VC WEB BLOG | Violinist VC Artist Augustin Hadelich – ‘Composing Your Own Original Cadenzas’ [INSIGHT]

In a VC-exclusive guest blog, VC Artist Augustin Hadelich shares his thoughts and process for composing one's own original concerto cadenzas


The Violin Channel recently caught up with Italian-born German-American violinist, VC Artist Augustin Hadelich - in New York City.

In a VC-exclusive guest blog, the 34-year-old virtuoso shares his thoughts and process for composing one's own original concerto cadenzas.




"Composers in the classical and early romantic era left a space for soloists to compose their own cadenza, in order to improvise on the themes and show off their virtuosity. As composers throughout the 19th century became increasingly specific in their instructions on tempi, dynamics, articulation and ornamentation, composers eventually started to write their own cadenzas for their concertos. Mendelssohn was the first to provide his own cadenza to a violin concerto, and Tchaikovsky, Sibelius, Bartók, Shostakovich and many others followed this example.

Until the early 20th century, it was customary and even a point of pride, for great violinists from Joachim to Kreisler to Heifetz to write their own cadenzas to the Mozart, Beethoven and Brahms concertos - concertos without a cadenza by the composer. Unfortunately, this tradition did not continue into our time. Writing a cadenza is a a very rewarding process for the performer and provides variety and a personal viewpoint to the listener, who may have heard the piece before. In order to write in the composer’s style and make sure that the cadenza will fit into the form of the concerto in a logical way, it is essential to study and analyze the composer’s use of form, rhythm and their harmonic language. For me, it was a humbling experience to compose using Brahms’ motives and materials and gave me an even greater appreciation of his genius. For a Mozart concerto cadenza, it is very difficult to find a structure that fits into such perfectly proportioned movements.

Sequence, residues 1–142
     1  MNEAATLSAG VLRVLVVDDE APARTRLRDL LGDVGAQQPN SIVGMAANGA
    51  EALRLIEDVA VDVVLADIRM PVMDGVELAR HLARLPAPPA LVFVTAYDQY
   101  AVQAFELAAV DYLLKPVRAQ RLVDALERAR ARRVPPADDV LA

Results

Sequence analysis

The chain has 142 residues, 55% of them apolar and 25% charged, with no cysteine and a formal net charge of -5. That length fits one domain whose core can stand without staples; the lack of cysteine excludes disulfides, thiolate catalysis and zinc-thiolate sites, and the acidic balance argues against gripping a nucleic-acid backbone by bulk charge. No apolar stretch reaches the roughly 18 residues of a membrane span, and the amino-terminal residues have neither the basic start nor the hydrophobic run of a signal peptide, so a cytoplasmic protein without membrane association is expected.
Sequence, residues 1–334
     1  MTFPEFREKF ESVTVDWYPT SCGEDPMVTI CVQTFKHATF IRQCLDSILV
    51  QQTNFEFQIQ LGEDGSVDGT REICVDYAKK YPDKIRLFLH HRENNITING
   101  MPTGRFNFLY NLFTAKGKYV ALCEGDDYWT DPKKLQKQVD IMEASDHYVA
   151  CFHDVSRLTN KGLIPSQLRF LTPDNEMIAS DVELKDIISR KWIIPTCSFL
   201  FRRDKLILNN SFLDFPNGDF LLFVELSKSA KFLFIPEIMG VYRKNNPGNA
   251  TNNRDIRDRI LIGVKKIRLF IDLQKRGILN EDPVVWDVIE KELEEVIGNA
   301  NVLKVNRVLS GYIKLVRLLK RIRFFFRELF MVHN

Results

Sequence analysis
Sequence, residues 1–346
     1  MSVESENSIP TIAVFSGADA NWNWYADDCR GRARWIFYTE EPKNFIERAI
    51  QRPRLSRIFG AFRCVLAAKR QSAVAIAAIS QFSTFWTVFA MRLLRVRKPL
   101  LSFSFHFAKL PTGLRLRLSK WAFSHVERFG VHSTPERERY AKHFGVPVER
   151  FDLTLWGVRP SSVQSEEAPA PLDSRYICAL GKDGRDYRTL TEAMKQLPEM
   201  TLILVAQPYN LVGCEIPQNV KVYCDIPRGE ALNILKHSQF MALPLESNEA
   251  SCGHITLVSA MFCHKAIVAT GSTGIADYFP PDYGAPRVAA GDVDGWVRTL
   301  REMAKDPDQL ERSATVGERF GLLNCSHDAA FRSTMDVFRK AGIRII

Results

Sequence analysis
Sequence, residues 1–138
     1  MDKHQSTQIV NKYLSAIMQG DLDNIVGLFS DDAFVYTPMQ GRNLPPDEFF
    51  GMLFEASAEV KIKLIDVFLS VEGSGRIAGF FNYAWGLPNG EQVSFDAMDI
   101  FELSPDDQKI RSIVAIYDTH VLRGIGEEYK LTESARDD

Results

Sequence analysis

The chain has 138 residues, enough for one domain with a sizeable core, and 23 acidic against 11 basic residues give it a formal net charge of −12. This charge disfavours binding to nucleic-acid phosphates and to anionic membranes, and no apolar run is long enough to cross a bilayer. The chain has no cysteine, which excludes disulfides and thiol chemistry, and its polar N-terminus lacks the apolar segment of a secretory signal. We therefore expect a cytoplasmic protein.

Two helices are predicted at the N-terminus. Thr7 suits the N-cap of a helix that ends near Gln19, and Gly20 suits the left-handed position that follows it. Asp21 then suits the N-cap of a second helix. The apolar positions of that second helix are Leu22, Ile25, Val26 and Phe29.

Most violinists from the older school wrote cadenzas in their own style. Kreisler’s romantic cadenza to the Beethoven is so brilliant that one can overlook that he uses late 19th century harmonic language inside a classical work. Joachim’s cadenzas to the Mozart concertos don’t work as well anymore in my opinion, because their style feels out of place when heard within a Mozart concerto.

Trying to mimic a composer’s style too closely is not ideal either. A cadenza is a personal statement reflecting your thoughts and feelings about the work, and it’s important to make bold (but tasteful) compositional decisions, and maybe even add a little humor.

I encourage every violinist to experiment with writing a cadenza - at the very least, you are guaranteed to learn about the style and methods of the composer and you might even have some fun. Should you not like the result, you can just go back to a different cadenza - but you will now see that cadenza in a different light and might even notice the places where Kreisler or Joachim had their own compositional struggles!

Take your time and make many drafts. It’s natural that it won’t feel like a great piece right away! Gathering ideas and material is the easy part - the hard part is to look at your own work self-critically and be able to change or cut everything that doesn’t quite work. Joachim went through countless revisions for his cadenza to the Brahms concerto until he finally arrived at the version that we now know.